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    Argentina Presidential Candidate Proposes Mining Bitcoin With Residual Natural Gas, Faces Skepticism

    Argentina’s presidential hopeful Sergio Massa unveiled plans to utilize excess natural gas from the Vaca Muerta oil fields to mine Bitcoin. However, following his proposal, the local crypto community opposed the government’s direct involvement in Bitcoin (BTC) mining.

    In late October, Massa proposed plans to use surplus gas from Vaca Muerta Formation commonly known as ‘Dead Cow.’ The plant is well known as the host rock for major deposits of shale oil and shale gas.

    The proposal was presented by computer scientist Santiago Siri in a meeting last week with Massa, the Minister of Economy. The meeting, shared on Instagram, received a large amount of criticism, raising red flags on other social media.

    According to a report by local media criptonoticias, Siri discussed Bitcoin characteristics, including the projection of it as digital gold. He also highlighted that Bitcoin is a deflationary currency with only 21 million units in circulation.

    Massa was receptive to mining bitcoin using residual gas from Vaca Muerta, during the call.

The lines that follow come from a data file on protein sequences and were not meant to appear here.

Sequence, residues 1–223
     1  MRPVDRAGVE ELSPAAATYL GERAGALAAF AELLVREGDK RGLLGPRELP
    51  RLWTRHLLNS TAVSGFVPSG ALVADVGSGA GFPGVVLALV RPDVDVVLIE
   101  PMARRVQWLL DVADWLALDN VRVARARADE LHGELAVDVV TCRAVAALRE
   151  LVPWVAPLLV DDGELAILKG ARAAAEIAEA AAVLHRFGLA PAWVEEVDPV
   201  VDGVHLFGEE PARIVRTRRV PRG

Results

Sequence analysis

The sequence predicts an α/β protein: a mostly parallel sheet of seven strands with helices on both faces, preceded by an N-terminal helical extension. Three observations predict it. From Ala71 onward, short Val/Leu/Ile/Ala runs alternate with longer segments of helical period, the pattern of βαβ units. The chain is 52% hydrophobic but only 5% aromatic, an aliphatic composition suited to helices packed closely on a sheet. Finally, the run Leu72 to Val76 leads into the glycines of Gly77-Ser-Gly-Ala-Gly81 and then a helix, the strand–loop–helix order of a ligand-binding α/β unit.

Growing Skepticisms

    The meeting followed growing criticisms from the local crypto community, particularly after Siri presented a prototype of Argentina’s CBDC. Critics from the community posted on social media, comparing the CBDC to UBI, a token launched by the Argentine scientist. Apparently, it lost 99% of its value within 24 hours of its launch in 2021.

    A Venezuelan developer Francisco Calderón wrote on X (Twitter) which translates to, “God raises them and they get together.” The developer also posted a meme that called the meeting a “rug pull.”

     

    Another user raised “bigger red flags” as a warning sign on Twitter, in response to the Massa-Siri meeting.

     

    Massa spoke to local media on Oct. 27 regarding the crypto mining, taking advantage of Vaca Muerta’s resources.

    Opposing State’s Intervene in Crypto Mining

    The topic had become a point for a discussion on Nov. 1 in X-Spaces, joined by speakers including Bitcoin miners. Per the discussion, they see that Bitcoin mining should not be managed by the State.

    Miners also quoted some of the challenges of a mining site at Vaca Muerta, including the consumption of electricity energy. They also stressed the expensive infrastructure that requires a good Internet connection.

    According to José María Sarasola, CEO of Cryptogranjas, a mining startup in the Vaca Muerta area, excess gas “means that the well has to be closed.” The startup uses pig, cow excrement and other organic and industrial waste to produce energy for digital mining.

    “Right there Bitcoin appears as the perfect partner. This gas has no way of being used because it cannot be vented and through mining, it can be reused by consuming it, without having to release it into the atmosphere.”